Friday, August 14, 2009


Talented Tinwhistle player Adrian McCarron will launch his first Solo CD 'My Own Style' at Hickeys Bar Dromahane on Sunday August 16. Its hard to imagine that anyone could make such wonderful music from a short pipe with a number of little holes in it, but this is what Adrian McCarron can do and can do better than most. Everyone is welcome to the launch where you can enjoy some great music from Adrian, from special guests 'Black Rose' and some friends of Adrian. Sean Donlon of C103 will launch the CD. Everything kicks off at 9.30pm and admission is free.

Tuesday, August 4, 2009

The Boy in the Gap & Miss Hogan's Reel

Mp3 download with James Morrisson on tin whistle.

Tin Whistle and Flute, unknown - piano, Columbia 33357-F. Morrison plays tin whistle on this disc, the other side of which was on Viva Voce's 2 cassette Morrison release "The Professor." Morrison solos on Miss Hogan's, otherwise known as the Boys of the Lough. They finish with two parts of the Boys of Ballisodare. It is noteworthy that the piper Willie Clancy also didn't bother with the third part of this tune, which is more suited to the fiddle.

Colm O'Snodaigh

Colm Ó Snodaigh is a member of the traditional Irish folk group Kíla. He plays the flute, tin whistle, guitar, saxophone and percussion. He also sings with the group Kíla and released a solo album entitled Giving in 2007 where he sings in all the tracks. The album is a mixture of Colm's own compositions written in both Irish and English. He released another album in 1990 of 10 acoustic pop songs in Irish, entitled Éist.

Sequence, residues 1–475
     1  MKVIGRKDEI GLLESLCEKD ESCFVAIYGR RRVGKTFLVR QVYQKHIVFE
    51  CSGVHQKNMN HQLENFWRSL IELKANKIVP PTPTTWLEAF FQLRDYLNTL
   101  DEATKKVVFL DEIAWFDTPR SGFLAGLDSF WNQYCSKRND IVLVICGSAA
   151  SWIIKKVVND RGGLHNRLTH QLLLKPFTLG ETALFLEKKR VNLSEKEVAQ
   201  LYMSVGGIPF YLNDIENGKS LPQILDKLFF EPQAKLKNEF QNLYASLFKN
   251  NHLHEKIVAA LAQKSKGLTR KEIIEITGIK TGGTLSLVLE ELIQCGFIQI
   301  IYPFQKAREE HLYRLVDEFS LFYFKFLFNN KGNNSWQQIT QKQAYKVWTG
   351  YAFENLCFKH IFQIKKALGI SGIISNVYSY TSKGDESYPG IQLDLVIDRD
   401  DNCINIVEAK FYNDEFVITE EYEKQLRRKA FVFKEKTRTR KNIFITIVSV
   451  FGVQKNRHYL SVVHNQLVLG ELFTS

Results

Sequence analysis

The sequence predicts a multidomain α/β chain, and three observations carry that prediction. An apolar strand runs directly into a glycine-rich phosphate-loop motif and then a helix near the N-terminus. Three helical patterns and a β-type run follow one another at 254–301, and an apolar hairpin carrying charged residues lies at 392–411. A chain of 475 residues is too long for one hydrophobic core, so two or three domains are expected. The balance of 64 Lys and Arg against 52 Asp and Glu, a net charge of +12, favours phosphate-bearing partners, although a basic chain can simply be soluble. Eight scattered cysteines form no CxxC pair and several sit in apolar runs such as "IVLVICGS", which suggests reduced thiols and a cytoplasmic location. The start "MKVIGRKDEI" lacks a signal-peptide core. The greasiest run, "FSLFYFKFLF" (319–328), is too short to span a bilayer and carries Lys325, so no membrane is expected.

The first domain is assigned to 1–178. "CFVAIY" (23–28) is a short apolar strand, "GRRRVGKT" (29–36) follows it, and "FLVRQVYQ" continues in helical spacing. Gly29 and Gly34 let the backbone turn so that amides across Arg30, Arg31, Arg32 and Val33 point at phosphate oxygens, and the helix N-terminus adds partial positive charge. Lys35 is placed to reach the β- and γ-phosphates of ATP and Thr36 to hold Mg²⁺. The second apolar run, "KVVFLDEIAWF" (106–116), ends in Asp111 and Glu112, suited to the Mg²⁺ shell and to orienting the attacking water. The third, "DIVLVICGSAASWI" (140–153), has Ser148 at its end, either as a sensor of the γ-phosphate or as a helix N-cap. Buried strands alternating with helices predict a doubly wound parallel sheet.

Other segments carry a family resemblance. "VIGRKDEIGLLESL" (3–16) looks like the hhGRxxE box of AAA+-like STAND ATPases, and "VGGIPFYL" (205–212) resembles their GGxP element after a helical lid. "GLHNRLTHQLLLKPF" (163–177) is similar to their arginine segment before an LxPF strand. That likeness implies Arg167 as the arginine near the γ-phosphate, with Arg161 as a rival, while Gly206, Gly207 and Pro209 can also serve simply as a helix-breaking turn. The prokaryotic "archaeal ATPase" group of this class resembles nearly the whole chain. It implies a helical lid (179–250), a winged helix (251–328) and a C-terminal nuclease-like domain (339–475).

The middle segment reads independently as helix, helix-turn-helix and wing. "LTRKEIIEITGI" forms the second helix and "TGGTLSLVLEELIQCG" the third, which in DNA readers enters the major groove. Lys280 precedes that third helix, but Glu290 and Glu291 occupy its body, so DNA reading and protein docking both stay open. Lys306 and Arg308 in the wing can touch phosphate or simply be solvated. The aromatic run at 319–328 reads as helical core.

Recording the Whistle

At some point after you begin learning to whistle, it may be beneficial to record your playing. Listening to recordings of your playing gives you a fresh perspective of your playing, and can be valuable in pinpointing areas where you need improvement.
Of course, a standard cassette recorder is perfectly serviceable to record your playing. However, you do have a few more options, thanks to current digital recording technology.

Recording Tunes Using Your Computer
Shareware/Freeware is available for downloading that works with the soundcard in your computer, allowing you to plug a microphone into your sound card and record .WAV files. These .WAV files can then be converted to the more standard MP3 files using separate software, also available for downloading from the Web. I have had great success with a freeware program called Audacity, which is availabe at

Using Audacity, I have recorded surprisingly good quality .WAV files of my whistle, fiddle (and, most recently, flute) playing using only the cheesy plastic microphone that came with my old Gateway desktop.

Recording Tunes Using Digital Portable Recorders

OK, now we get to one of the big debates: which is the best portable recorder for recording sessions, rehearsals, and MP3 recorder or a MiniDisk recorder? The basic pros and cons:

MiniDisk Recorders: Recording quality is usually either very good or excellent. Blank MiniDisks are fairly inexpensive. Unfortunately, with most MiniDisks you cant drag and drop MP3 files from a MiniDisk player to your PC (you can do this with an MP3 player)...this means that if you want to transfer 3.0 hours of music to or from your PC, you have to let the MiniDisk player run for 3.0 hours.

MP3 Recorders: Most have massive storage capacity. MP3 recorders have drag and drop capbability, allowing you to instantly move large files between the recorder and your desktop. With 20 Gigs or more of hard drive, you can also walk around with something like a bazillion CDs to listen to, and you can record for hours at a time (unlike MiniDisks, which only have an hour or so of recording time each--though rumor has it that Sony is coming out with a new format that will dramatically increase recording time on each disk).

Clips & Snips

An online collection of Irish whistle mp3s, that you can download for free. You can also participate by uploading your own recordings.